A December 31 report from the Mercury News found here chronicles the circumstances that led a San Jose police officer to face felony charges of sexual battery and false imprisonment for patting down a woman.
He claims it was a routine pat down; she claims it was sexual battery. It is his word against hers. One of them is lying. She's charged him with sexual battery; if he is believed, she should be charged with making a false police report.
Yet only he is charged with a crime.
Only he faces the prospect of years in prison. Only he is tormented by the terror of losing his liberty even if he is innocent because he can't be certain that the truth will be believed. After all, she might be a credible liar.
Only his name is splashed all over the news for the entire world to titillate to the details of his humiliation. And when we read that a man has been accused of a crime of this nature, most of us believe that he probably did it -- after all, why else would he be in the newspaper? You see, we convict men and boys in the court of last resort, the court of public opinion, before a scrap of evidence is introduced at trial based on nothing more than the say-so of a lone accuser. The news outlets are complicit partners in the rush to judgment, happily spreading the name of the hapless male who's been accused of this most vile crime. His reputation has been destroyed forever because, regardless of the outcome of his ordeal, he will never be able to completely disprove her allegation to everyone's satisfaction. There will always be people who wag their tongues and declare "something must have happened."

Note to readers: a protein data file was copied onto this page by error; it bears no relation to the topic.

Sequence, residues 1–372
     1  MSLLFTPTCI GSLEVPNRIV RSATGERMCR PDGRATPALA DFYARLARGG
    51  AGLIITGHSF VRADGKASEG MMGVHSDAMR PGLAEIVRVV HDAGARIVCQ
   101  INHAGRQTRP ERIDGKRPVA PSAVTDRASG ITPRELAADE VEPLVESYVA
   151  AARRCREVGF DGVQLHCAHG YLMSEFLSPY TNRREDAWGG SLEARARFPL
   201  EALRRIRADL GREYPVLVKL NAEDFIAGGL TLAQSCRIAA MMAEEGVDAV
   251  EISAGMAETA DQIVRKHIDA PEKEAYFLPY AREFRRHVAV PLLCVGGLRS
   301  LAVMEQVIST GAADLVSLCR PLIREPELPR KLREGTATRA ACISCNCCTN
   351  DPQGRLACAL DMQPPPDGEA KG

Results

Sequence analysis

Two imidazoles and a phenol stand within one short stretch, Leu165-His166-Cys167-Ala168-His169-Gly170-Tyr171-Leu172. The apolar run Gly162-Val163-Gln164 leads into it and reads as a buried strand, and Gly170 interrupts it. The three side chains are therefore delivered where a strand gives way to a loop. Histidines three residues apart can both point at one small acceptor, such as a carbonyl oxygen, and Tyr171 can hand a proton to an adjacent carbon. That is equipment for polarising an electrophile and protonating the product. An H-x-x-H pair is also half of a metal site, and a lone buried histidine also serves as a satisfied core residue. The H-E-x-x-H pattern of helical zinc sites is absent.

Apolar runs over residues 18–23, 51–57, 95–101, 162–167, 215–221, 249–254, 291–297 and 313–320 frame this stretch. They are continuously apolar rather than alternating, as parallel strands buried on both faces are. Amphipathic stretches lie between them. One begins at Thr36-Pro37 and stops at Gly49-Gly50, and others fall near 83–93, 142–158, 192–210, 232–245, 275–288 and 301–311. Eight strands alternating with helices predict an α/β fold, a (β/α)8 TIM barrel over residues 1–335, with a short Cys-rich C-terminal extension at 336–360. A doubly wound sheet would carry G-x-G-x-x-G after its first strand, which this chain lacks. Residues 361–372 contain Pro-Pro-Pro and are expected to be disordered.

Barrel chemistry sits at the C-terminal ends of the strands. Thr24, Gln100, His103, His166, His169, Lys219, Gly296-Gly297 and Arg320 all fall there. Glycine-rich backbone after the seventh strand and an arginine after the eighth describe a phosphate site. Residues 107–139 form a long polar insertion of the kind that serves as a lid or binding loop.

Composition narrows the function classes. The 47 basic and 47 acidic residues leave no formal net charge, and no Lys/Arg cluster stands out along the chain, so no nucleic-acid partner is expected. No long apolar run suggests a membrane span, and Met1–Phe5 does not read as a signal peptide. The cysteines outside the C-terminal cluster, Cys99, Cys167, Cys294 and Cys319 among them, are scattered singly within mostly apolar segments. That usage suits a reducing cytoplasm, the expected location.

We can only imagine what this allegation has done to his marriage, his relationships with his children, parents, other relatives and friends. We can only imagine the emotional scars this nightmare is causing him, and will cause him forever.
In contrast, she is shrouded in anonymity forever. Even if the charges are deemed to be unfounded, she can move on with her life with no one knowing that she is a liar.
Is there any other accusation aside from an accusation of sexual misconduct that can so easily destroy a human being based on nothing more than another citizen's word?
Yet the entire public discourse about these issues is designed to encourage more women to come forward. No one, aside from a handful of us, gives a damn about the rights of the presumed innocent, such as this police officer who, if he's to be believed, was just doing his job. Most likely because the victims are almost exclusively male. No one, except a handful of us, is screaming about the carnage caused to the lives of the innocent by false accusers.
The falsely accused are collateral damage in the war on rape; their victimization is minimized by the feminists who monopolize the public discourse on these issues and declared aberrational -- nothing to be alarmed about.
Well, we are alarmed, very alarmed, because we know their victimization is not aberrational.
We know that virtually every male is a potential target of a false allegation of sexual misconduct. And we know that such allegations are not uncommon.
Here is an excerpt of the news story from the December 29 edition of the Mercury News:
San Jose police officer Julio Morales adamantly denies that he sexually touched a young woman a month ago while on duty, his lawyer said Wednesday.
Morales was doing a routine pat search of the woman in a neighborhood where someone had been shot the night before, attorney Craig Brown told the Mercury News. He even gave her a ride afterward.
"He made contact with her under the circumstances that it was altogether appropriate to do a cursory pat search,'' Brown said. "As I recall, she was somewhat distraught because she was late to getting back to where she had to be. In order to be a good guy and a good cop and a good officer he offered to take her back — and he did — and that was the end of it.''
Morales, a 41-year-old former U.S. Marine and a sniper who has served on the department's elite SWAT team, stands charged with something far more serious: sexual battery and false imprisonment of the 18-year-old woman, both felonies.
The news story in full is found here.